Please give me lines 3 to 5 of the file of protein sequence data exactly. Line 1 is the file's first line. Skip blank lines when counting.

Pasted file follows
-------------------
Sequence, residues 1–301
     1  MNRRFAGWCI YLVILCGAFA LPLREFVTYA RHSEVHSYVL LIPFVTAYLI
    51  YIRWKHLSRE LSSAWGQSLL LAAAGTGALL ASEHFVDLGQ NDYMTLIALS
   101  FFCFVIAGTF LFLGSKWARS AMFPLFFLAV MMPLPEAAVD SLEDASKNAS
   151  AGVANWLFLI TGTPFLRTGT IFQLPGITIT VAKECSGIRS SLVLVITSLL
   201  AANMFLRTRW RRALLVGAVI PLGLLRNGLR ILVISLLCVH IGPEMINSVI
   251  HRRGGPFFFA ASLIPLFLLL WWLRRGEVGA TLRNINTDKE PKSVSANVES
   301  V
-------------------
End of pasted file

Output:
    51  YIRWKHLSRE LSSAWGQSLL LAAAGTGALL ASEHFVDLGQ NDYMTLIALS
   101  FFCFVIAGTF LFLGSKWARS AMFPLFFLAV MMPLPEAAVD SLEDASKNAS
   151  AGVANWLFLI TGTPFLRTGT IFQLPGITIT VAKECSGIRS SLVLVITSLL